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"с помощью словаря"

Translation:with the help of a dictionary

November 7, 2015



Or with the help of the hover feature...


Помощью is in instrumental and словаря in genitive here?


Correct. The instrumental is used with the preposition с to mean "with". The genitive form, словаря, indicates from whom or where the help comes from, or more literally, what "possesses" the help that is then in turn given.


Спасибо большое


Thank you a lot! There's another exercise that said "с помощью мамЫ (that is also genitive)" and I was wondered why.


I think I messed up... I wrote down, that -у/-ю is used for masculine in dative case. Instrumental case should be used with -ом/-ем for masculine. I'm confused.


Помощь is feminine.


Oh, thank you! blushes


Would it be wrong to have answered "with help from a dictionary"?


You can get help from a Person that can actively do that. A dictionary can only help you doing it. Im not sure if you can get help from an animal, or just from a Person, but you definitely can't get help "from" an inanimate thing.


Good question, I am wondering the same


Thanks, answered my question as well :)


...ли я буду изучать русский язык!


Are you sure about the use of ли here? (I wouldn't use it, but then again, I'm not very advanced in Russian yet)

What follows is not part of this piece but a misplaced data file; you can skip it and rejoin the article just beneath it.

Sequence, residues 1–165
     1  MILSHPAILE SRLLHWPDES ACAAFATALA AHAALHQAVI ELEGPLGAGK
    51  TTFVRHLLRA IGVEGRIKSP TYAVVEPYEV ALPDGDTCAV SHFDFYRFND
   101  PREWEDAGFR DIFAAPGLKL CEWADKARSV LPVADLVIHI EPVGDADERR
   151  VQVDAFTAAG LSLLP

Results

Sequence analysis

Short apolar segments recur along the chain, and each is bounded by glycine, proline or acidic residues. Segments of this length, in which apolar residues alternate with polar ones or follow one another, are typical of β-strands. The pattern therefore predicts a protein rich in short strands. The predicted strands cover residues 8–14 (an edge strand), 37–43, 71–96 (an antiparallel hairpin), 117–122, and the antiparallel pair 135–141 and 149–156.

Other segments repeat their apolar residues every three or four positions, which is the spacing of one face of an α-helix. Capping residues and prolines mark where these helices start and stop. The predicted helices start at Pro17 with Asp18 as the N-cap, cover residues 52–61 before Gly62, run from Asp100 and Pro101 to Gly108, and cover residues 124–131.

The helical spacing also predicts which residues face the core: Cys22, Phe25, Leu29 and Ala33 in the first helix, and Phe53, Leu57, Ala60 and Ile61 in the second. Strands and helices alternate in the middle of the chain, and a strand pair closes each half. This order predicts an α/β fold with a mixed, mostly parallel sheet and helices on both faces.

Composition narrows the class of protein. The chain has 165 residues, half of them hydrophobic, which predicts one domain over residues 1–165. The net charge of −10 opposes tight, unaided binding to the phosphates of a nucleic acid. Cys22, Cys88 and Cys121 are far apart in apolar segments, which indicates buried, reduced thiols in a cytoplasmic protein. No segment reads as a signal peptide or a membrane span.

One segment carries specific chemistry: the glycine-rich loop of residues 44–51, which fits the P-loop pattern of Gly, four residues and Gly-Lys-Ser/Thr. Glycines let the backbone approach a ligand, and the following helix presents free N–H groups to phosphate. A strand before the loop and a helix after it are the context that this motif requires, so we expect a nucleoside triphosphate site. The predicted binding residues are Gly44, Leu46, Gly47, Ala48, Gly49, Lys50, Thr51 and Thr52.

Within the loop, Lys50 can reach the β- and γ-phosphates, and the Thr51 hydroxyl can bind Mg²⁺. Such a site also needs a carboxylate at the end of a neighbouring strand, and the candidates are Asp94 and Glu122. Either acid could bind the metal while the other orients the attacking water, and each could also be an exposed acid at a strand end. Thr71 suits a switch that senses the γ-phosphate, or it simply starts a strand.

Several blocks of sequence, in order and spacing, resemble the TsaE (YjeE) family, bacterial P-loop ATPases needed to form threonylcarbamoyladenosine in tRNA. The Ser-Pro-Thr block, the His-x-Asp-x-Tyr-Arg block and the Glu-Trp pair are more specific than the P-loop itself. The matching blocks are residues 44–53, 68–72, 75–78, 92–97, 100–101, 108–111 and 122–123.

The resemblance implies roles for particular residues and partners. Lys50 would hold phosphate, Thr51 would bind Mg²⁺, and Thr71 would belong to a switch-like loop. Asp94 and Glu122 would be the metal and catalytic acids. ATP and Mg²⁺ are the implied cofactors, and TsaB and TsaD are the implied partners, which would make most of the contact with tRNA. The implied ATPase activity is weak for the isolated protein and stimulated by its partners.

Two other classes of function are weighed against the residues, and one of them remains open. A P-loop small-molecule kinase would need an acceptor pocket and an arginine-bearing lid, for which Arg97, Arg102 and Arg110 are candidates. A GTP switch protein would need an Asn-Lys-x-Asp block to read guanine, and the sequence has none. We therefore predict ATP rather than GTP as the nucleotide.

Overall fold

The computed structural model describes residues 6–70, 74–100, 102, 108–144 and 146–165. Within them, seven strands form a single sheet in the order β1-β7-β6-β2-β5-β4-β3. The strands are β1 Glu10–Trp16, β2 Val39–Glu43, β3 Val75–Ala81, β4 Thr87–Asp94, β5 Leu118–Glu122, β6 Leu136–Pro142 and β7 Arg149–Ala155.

For an English answer, "with help from a dictionary" should be accepted. Would the Russian equivalent be "с помощью от словаря"? I'm just curious how I got it wrong when in English there's hardly any difference.


the slow and the fast versions of the sentence are different


That's because in the slow version the software reads С as the lone letter, the way you'd say it while reciting the alphabet.


I had a question about that. Is the latter way ("с" being pronounced "ess") incorrect? It seems like Russian blends this into the next word a lot.

If only Duolingo actually explained any of these things.


It is incorrect to ever pronounce с as ess in a sentence. The ess pronunciation is only when you are reciting the alphabet. It's same as pronouncing c (in English) as "see", it never happens in an actual sentence.


With a dictionary's help


'With a little help of my friends' Joe Cocker or The Beatles С небольшой помощью моих друзей?


Am I correct in seeing "помощью" translated as help and as assistance?

How do I know which Engish verb to use?


I don't really see a difference here, do you? I'd say either should be accepted. Though "help" definitely sounds more natural.


I like to think of my dictionaries as people, so i said "help from", this was not accepted. I demand that my dictionaries acquire status as subject!


i said "with help from the dictionary" and it said it was incorrect. This should be accepted


so after с, there are an instrumental word and a partitive word. I see


c + instrumental word + genitive word, I believe. Not all genitive words are partitive. I don't think it's partitive because "of a dictionary" does not express some amount of something (e.g., "a liter of water").


I feel stupid asking this so late in the lessons, but is the second о in помощь pronounced О or А? I get that the stress is on the first one, but I can't decide what I hear on Duolingo. And it doesn't help that when I check on Forvo that I hear some people reduce the second О, while others don't :/